Omega Speedmaster Professional Mark II, 1969
Every watch enthusiast and collector knows the Omega Speedmaster Professional. Arguably the most important chronograph in history, the Speedmaster’s original claim to fame is all it will ever need for street credibility; it was the first watch worn on the moon.
Yet the Speedmaster line existed well before the Apollo 11 mission touched down on that heavenly body – 12 years before to be precise – and has continued to evolve to this day. In fact, the watches worn on the moon in 1969 were already outdated by the time the Eagle landed – they were models from 1967, and featured the calibre .321 movement, which had already been superseded by the calibre .861 in 1968. In the next few weeks we will introduce you to the “Other Speedmasters,” starting this week with the first departure from the original Professional: The Mark II.
Released in 1969 and sold alongside the original models, the Speedmaster Mark II (shown above) featured an entirely different case shape. Known as a “Barrel” shape, the steel case was brushed on the top and polished on the sides, featuring hidden lugs and a flush crystal. Departing from the open lug design of its predecessor, the Mark II’s lugs were located beneath the case, which created a rounded shape devoid of protrusions (except for the chronograph pushers and crown). Like the original, the Mark II also featured a tachymetre scale bezel surrounding the dial, however on this model the bezel was positioned beneath the crystal, further streamlining the case profile..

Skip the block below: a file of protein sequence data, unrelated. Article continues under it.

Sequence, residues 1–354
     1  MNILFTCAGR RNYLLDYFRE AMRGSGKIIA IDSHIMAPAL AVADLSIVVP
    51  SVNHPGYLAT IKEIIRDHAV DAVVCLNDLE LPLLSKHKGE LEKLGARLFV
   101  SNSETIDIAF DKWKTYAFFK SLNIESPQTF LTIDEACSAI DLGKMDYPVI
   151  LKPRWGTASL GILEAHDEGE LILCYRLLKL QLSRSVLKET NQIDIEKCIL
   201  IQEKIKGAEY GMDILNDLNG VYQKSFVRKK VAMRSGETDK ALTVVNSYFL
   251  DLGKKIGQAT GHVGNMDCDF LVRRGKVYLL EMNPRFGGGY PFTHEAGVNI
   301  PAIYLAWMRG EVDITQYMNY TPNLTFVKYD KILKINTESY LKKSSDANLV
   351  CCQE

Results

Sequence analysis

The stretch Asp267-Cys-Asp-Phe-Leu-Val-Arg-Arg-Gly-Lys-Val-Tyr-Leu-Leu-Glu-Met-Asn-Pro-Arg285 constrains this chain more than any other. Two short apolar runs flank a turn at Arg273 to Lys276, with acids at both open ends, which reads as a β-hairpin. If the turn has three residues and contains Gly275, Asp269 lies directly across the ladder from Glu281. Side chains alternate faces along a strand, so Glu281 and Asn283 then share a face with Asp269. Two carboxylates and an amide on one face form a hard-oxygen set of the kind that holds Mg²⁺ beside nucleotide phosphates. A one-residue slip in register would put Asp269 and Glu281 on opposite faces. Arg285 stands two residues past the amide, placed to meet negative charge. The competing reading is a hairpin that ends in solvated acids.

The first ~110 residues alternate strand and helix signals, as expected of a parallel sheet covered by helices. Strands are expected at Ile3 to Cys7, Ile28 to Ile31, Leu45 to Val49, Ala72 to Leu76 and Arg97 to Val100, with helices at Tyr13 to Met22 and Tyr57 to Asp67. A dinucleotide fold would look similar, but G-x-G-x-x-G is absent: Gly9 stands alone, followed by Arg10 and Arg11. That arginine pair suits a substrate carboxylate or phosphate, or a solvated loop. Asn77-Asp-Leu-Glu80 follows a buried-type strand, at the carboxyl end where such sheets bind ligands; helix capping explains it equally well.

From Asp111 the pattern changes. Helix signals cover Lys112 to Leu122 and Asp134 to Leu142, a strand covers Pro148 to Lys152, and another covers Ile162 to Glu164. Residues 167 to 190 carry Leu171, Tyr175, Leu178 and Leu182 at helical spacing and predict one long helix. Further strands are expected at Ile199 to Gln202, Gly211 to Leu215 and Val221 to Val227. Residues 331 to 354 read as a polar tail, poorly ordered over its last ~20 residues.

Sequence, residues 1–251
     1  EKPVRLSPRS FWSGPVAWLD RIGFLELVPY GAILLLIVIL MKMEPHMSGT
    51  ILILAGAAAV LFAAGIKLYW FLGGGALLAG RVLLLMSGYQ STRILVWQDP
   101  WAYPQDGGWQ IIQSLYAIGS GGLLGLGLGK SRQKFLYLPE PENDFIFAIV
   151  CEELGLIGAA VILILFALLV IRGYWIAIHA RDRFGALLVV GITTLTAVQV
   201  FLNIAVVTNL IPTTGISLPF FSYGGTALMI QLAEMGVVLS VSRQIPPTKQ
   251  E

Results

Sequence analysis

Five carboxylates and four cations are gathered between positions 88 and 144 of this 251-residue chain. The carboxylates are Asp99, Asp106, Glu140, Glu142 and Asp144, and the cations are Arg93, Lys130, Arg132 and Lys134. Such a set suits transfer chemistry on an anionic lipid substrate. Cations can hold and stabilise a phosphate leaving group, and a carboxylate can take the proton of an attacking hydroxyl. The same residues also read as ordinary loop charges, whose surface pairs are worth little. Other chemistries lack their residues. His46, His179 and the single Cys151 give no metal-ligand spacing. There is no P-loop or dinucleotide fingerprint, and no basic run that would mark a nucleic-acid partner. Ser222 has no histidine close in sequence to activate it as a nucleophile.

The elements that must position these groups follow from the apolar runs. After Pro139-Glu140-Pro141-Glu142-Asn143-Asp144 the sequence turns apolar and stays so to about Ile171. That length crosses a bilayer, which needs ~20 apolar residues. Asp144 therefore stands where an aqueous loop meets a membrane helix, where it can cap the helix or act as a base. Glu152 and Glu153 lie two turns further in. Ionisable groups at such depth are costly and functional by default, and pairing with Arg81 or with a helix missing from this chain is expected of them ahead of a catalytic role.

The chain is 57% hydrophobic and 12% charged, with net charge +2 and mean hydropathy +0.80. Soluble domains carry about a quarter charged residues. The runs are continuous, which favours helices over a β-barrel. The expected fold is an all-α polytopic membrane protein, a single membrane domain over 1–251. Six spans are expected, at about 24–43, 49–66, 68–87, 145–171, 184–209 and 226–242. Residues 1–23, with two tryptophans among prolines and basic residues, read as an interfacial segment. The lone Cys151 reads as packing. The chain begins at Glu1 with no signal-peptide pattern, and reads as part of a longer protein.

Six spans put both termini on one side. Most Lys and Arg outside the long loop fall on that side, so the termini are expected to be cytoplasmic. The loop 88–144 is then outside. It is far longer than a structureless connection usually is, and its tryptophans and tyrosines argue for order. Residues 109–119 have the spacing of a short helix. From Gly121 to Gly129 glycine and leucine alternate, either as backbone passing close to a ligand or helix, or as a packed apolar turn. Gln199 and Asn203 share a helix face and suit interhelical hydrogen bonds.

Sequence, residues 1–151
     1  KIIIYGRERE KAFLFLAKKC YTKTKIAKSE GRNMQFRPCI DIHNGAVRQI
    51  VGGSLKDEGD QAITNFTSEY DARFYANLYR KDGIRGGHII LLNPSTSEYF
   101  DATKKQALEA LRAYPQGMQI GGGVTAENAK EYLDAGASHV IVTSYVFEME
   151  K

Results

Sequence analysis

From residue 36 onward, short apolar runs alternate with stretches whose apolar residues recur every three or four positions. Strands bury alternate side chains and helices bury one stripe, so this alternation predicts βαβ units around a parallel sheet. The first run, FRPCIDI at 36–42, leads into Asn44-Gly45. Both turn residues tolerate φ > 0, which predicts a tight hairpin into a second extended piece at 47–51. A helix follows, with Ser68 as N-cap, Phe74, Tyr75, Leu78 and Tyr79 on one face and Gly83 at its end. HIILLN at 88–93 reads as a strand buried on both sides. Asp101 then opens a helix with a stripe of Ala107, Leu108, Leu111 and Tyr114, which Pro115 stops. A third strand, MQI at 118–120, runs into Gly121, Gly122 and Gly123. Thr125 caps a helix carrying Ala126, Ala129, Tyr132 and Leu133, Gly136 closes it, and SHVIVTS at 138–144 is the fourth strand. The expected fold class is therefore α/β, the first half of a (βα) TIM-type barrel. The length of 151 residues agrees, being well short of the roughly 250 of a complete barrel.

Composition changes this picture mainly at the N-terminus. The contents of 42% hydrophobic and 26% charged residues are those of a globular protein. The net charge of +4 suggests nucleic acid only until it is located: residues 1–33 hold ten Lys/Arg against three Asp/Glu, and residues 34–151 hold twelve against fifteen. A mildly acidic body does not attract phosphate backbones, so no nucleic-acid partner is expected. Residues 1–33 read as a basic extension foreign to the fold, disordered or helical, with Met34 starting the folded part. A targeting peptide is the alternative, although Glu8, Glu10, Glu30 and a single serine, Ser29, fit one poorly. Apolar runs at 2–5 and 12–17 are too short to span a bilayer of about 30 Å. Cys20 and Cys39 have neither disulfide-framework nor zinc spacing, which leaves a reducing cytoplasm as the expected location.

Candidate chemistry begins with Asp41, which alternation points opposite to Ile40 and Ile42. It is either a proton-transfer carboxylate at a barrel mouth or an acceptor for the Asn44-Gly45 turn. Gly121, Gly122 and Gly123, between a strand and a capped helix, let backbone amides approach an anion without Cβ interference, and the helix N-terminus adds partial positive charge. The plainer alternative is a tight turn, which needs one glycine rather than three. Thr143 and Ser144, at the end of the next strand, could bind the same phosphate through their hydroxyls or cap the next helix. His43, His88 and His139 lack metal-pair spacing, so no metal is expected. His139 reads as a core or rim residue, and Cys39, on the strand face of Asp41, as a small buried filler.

The dial layout on the Mark II is nearly identical to the original Professional, with a central sweep chronograph hand and subsidiary dials at 3, 6, and 9 (featuring a 30 minute register, 12 hour register, and sweeping seconds, respectively). Internally, the Speedmaster Mark II housed the same calibre .861 manual-winding movement as the “regular” Speedmaster Professional. The watch was sold with a metal bracelet, although many have since been replaced with various types of fabric straps, which suit the watch brilliantly (see above).
A variant dial for Speedmaster Mark II was also produced (shown above), featuring a grey background with a multicolored orange, white, and red stripe pattern on the outer edge. This variant also had orange or yellow accents on the subsidiary dials and on the center chronograph sweep hand. This uncommon version has come to be known as the “Racing Dial” Mark II. A gold cased version was also produced in extremely limited numbers.
Today, Speedmaster Mark II’s are relatively easy to source, although it is important to find one without a damaged/degraded bezel insert or a heavily polished case. Parts are still available from Omega, and servicing the .861 workhorse movement is no problem. Values remain excellent, with good examples still available for under $2000. Ultimately, the Mark II is a totally cool, totally wearable model Speedmaster that is just a little…different.
For more information on the Mark Series Speedmasters, check out Chronomaddox.
Words and Images by: James Lamdin - A vintage watch connoisseur and founder of analog/shift (www.analogshift.com), an online boutique for a curated selection of exceptional wristwatches.